3 D’s to make you a better self-directed investor


Conducting research and performing analysis are necessary when managing investments. Just knowing what might be good opportunities or bad ones isn’t enough to cut it in the hyper-competitive investment landscape – success requires action.

Being able to act on the research and evaluation is an incredibly important but difficult skill to master.  Successful investing is about making sound choices and acting quickly when those choices turn out to be incorrect.

Too often investors fall confuse getting more information with a safer decision. On the one hand, there are those that succumb to ‘analysis paralysis’ and seek out more information instead of taking action.  Unfortunately, more information doesn’t equate to better outcomes.

On the other hand there are those who do not act quickly enough to get out of a losing position and seek out information that validates staying on the ship even though it is clearly sinking.

Investing is about being able to take educated guesses (i.e. decide in the face of uncertainty) and manage risks.  As with any skill, being decisive in the face of uncertainty requires practice and a willingness to make mistakes and learn from them.


Discipline is probably the most widely cited skill that is required for successful investing.  While identifying and acting on opportunities that make sense is important, staying rational and focused is a challenge for many self-directed investors.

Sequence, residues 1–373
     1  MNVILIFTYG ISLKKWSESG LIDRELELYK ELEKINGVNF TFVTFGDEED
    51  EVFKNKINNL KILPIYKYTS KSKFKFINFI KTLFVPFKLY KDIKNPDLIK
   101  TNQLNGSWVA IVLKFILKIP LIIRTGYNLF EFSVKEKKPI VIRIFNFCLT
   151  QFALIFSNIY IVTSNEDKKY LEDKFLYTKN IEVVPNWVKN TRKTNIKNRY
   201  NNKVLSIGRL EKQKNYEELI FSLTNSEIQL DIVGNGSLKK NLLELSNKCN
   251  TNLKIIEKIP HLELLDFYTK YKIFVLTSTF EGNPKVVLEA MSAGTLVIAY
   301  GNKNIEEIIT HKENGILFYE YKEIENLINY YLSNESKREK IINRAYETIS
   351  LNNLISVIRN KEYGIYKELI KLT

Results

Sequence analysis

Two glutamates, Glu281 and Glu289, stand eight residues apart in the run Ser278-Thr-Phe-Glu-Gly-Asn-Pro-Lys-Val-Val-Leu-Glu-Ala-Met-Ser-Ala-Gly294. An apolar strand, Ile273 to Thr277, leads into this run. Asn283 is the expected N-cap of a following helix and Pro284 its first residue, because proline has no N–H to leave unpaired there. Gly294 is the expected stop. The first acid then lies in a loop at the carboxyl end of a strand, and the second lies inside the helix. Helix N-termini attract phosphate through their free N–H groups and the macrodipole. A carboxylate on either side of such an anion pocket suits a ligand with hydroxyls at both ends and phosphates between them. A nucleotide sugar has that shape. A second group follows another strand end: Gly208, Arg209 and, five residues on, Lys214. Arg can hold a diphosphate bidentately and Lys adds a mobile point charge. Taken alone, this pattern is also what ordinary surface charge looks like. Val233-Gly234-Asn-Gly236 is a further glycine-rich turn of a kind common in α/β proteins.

Managers of multibillion dollar funds have entire teams devoted to ensuring the decisions they make are within acceptable risk and reward limits.  These resources are justified given the amount of money that is at stake and are put in place to ensure that rationality trumps emotion. Even with all of those controls and boundaries in place, however, fund managers chase returns or deviate from their plans and investment strategies can off the rails.

Without a risk-team warning them about their decisions, self-directed investors have to become adept at developing or finding successful trading rules and then sticking to them.  The process of developing these trading rules and learning about their own personal strengths and weaknesses as an investor is where a lot of individuals stumble or give up, and understandably so. It takes a certain mindset to persevere against a teacher as fickle as the infamous ‘Mr. Market’.

The Bottom Line

Successful self-directed investing is deceptively simple. While managing one’s own financial destiny can be both exciting and unnerving, it most definitely involves lot of work and a great deal of learning.  Being diligent, decisive and disciplined involves constant practice and challenge.  Like muscles, these skills require measured development and constant exercise to truly become a source of strength.  As such, it is important for anyone considering investing on their own to be able to manage their expectations accordingly. Developing these skills takes time and tenacity but as all successful investors and traders know, the reason to do it is simple. The reward justifies the investment.



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